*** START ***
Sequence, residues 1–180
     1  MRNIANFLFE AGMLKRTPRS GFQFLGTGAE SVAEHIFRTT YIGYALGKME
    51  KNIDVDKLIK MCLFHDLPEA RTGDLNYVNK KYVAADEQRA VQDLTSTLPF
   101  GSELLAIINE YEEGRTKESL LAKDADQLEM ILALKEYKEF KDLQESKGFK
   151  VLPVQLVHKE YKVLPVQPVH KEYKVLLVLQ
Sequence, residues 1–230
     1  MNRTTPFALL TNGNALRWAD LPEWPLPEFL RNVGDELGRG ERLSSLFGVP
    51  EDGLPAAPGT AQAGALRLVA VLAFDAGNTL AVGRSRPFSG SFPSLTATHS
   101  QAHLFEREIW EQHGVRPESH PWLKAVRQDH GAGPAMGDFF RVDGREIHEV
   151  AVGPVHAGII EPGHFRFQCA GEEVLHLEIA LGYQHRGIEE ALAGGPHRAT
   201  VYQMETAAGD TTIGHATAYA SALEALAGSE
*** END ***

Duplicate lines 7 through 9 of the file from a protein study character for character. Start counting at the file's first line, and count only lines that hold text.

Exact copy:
     1  MNRTTPFALL TNGNALRWAD LPEWPLPEFL RNVGDELGRG ERLSSLFGVP
    51  EDGLPAAPGT AQAGALRLVA VLAFDAGNTL AVGRSRPFSG SFPSLTATHS
   101  QAHLFEREIW EQHGVRPESH PWLKAVRQDH GAGPAMGDFF RVDGREIHEV